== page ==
My father recalls driving out to Sewell Shop at the age of 16 in his brand-new 1954 Willys (Willys-Overland Motors company) Jeep. The jeep was purchased from Robert Earl Ensor on Grassy Lick for $1,300 – my father was an only child, and somewhat spoiled (but in best possible way. I might add that I did not receive a new car when I turned 16. I received no car…).

The garage (1950s-1960s) at Sewell Shop.

The garage (1950s-1960s) at Sewell Shop.

The Coca-Colas at Crump’s Store were in glass bottles, and swam in a vat of icy water that threatened to freeze off your fingers when you fished one out – but they were, according to my father, the best tasting Cokes in the world.

The Sewell House, set on its path of becoming a ghost.

The Sewell House, set on its path of becoming a ghost.

On the same side of the road is an old concrete block garage and a two-story frame I-house that I have watched disintegrate over the last few years. The decay started with a hole in the roof of the ell, and now the rafters at the front of the house are also visible. It was a Sewell House, and likely dates from the 1870s or a bit later.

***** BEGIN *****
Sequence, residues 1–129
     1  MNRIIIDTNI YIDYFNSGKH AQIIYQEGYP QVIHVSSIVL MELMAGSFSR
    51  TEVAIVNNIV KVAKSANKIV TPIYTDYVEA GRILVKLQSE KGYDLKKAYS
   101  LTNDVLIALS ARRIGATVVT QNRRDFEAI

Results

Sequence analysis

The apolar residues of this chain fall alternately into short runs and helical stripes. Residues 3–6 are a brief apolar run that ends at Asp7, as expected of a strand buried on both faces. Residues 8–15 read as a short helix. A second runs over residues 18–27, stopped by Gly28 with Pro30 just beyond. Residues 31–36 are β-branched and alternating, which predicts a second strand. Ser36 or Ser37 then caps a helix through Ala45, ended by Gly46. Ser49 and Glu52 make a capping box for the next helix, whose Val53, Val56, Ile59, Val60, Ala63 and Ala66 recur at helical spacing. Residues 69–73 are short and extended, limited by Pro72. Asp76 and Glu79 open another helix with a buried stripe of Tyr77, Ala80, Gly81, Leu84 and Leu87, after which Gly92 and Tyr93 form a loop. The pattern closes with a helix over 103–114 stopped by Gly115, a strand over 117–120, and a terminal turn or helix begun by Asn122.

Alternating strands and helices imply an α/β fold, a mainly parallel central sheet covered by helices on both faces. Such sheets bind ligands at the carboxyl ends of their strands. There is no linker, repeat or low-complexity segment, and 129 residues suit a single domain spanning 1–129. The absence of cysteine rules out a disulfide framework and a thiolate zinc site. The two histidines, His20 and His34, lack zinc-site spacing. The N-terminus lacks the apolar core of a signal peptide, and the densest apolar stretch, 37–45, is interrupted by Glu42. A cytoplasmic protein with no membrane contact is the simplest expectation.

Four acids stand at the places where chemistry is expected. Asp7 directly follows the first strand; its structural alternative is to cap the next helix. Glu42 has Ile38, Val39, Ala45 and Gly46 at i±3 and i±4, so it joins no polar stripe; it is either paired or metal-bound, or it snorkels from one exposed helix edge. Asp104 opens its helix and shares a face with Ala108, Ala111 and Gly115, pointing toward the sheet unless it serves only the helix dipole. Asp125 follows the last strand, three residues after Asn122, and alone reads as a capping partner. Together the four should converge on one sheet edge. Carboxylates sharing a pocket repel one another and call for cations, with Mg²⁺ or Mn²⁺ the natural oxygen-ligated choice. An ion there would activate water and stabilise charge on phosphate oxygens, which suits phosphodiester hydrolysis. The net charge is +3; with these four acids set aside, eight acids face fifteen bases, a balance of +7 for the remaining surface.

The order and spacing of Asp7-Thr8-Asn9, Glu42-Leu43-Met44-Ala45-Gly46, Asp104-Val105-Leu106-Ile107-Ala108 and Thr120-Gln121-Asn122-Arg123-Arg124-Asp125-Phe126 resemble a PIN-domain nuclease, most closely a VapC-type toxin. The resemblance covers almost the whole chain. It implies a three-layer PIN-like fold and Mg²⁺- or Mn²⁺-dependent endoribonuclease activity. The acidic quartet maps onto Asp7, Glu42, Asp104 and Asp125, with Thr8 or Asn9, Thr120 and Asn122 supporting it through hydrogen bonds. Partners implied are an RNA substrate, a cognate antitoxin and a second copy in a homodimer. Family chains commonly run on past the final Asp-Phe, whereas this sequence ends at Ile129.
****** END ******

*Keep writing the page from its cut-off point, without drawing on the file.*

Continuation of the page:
This is the view I see when I crest the top of the hill on 60, headed toward home.

This is the view I see when I crest the top of the hill on 60, headed toward home.

I stopped to take photos of the old store building in 2008, one of the rare occasions that I beat the bulldozer. I still look for it when I drive by – and I suppose I will soon look for the large white frame house being left to crumble apart. Nothing stays the same, as much as we want it to – and all we can do is capture small moments and celebrate the beautiful illuminations of life as they occur. And always, be aware of that which is familiar and part of the background – it touches you more than you realize.

 

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4 Thoughts on “Discovering a Familiar Stranger: Sewell Shop, Clark County, KY

  1. Joan MacDowell on June 21, 2015 at 8:34 am said: